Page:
These people obviously might be interested in specifically your subject matter of what you’re promoting but, of course, there might be crossover interests. If you’re seeing a pattern of users who convert really well on your website, who produce the longest number of sessions, and the highest number of sessions as well, then this will really, really help you understand how to set your Facebook campaign up. The second type of audience insight you can get from Google Analytics is the in-market audience.
An in-market audience is essentially an audience interpreted by Google using various data points to see what the user is in market for, essentially, what they are looking to buy right now. This can be really an interesting category to use if you’re doing something that takes a long time to sell or a fast-moving consumer good where people are in the market for it right now. This will give you a good indication of results to feedback into your Facebook campaign.
This user might be in the market for buying electronics, it might be buying clothing, it might be a long-term purchase in terms of maybe a software package that they’ll be using over time as a subscription, a number of different types of services this person could be looking for. That segment of in-market audiences is really going to give you an idea as to what people are looking for right now when they head to your website and convert as well which you can pass into your Facebook ad set up.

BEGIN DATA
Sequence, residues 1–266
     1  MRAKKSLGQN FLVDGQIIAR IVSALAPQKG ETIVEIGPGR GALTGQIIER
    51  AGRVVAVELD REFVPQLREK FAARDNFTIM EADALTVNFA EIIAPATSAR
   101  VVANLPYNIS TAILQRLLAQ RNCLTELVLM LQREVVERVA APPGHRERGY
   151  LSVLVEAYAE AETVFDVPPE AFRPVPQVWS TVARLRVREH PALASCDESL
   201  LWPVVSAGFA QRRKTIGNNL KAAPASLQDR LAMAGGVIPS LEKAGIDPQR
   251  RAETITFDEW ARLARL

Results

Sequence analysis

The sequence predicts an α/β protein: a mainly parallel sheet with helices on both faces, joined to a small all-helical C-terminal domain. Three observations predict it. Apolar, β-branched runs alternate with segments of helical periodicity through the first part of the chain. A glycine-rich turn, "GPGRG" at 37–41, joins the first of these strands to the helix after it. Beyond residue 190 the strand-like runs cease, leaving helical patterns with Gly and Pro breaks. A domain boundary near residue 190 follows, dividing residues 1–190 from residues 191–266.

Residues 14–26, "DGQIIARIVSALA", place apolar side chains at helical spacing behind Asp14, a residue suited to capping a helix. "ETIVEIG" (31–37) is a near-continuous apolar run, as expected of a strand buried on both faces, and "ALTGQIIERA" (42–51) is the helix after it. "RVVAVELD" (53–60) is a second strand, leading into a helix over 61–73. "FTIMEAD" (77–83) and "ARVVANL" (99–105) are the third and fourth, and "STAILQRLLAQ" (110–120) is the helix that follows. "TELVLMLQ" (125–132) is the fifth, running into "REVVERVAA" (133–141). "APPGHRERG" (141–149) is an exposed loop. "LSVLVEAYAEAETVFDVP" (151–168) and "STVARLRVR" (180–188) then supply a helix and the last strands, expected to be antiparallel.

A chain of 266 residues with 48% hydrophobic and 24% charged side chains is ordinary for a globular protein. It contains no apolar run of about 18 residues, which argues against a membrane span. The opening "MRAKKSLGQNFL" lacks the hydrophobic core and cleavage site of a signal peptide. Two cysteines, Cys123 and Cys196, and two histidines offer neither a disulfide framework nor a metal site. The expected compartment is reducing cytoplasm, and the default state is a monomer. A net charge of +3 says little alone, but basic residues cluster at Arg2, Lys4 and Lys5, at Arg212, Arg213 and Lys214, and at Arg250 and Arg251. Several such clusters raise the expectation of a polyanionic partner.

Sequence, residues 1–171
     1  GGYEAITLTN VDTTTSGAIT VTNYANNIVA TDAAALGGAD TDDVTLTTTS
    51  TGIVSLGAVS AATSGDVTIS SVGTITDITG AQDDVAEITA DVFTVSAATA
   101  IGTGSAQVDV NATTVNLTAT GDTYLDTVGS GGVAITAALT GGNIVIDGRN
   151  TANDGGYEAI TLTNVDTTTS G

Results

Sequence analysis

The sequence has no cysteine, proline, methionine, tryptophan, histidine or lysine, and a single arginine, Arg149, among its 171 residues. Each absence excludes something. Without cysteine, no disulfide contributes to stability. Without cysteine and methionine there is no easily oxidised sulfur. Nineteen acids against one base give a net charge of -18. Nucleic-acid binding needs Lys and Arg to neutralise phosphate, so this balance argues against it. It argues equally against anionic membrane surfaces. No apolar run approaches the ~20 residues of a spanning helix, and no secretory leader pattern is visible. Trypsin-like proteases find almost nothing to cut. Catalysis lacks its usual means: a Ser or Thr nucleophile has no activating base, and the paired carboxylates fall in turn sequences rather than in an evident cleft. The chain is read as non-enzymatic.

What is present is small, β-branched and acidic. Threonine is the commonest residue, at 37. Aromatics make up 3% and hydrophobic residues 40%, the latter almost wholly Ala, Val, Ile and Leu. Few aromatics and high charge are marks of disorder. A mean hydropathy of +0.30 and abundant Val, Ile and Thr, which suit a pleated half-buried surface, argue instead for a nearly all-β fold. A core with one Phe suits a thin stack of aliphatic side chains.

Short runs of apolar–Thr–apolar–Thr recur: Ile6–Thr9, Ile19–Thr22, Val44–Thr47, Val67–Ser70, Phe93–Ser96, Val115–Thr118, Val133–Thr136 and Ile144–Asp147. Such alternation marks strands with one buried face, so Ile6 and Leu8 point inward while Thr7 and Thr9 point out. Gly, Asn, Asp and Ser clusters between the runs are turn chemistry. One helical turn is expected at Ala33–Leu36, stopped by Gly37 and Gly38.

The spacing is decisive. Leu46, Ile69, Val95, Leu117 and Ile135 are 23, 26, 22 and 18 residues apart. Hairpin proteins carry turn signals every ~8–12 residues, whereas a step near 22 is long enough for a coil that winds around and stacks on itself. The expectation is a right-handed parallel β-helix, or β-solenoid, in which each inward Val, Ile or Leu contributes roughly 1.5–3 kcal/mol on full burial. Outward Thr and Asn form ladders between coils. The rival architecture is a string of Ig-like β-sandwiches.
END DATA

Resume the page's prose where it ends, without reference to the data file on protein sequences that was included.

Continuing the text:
To those of you that use Google AdWords, you probably would have seen these audience definitions before in terms of affinity audiences and in-market segments as well because these are the targeting options available in Google AdWords. It’s the same on your website, so analytics wise, when people come to your website, those same benchmarks and definitions Google uses to find those audiences are the ones going to your website as well, so it works in both ways.
There’s only one caveat I will mention with all these targeting options I’ve given you from Google Analytics and that is obviously, Facebook’s demographic targeting is going to be better than Google’s because Facebook has exact data. If you set up a Facebook profile, you choose your gender. You tell Facebook your age. You’re telling Facebook willingly all of these data points whereas on Google, they have to rely on a number of different sources, potentially, their Google accounts and things like that and a number of different data points to get that data.
Still, if you have enough data and enough information, this will definitely help you set up your Facebook campaigns from a good starting point. You also may have noticed there are other data points within Google Analytics as well, and you’re absolutely right to use those. Check out which mobile devices people are using when they convert on your website because that’s going to be important for your Facebook campaigns as well.
In addition to that, look where the location is. Where are the people that you want to convert converting from? Are they in the countries you expect? If they’re not, is that a good problem to have? Are you happy for people outside of potentially what your perceived idea of the targeting is to convert on your websites as well? Take a look at all of these reports. Put them together. Dig out the data and really understand what users of your website are doing in their demographics and feed that right into your Facebook ad campaigns.
Thank you guys so much for watching. If you like this video, please leave me a like. Head down to the comments and let me know what other data points you’re using in your Facebook campaigns that you’ve bought from other sources. More important than that, don’t forget to subscribe. I’ll see you guys next time.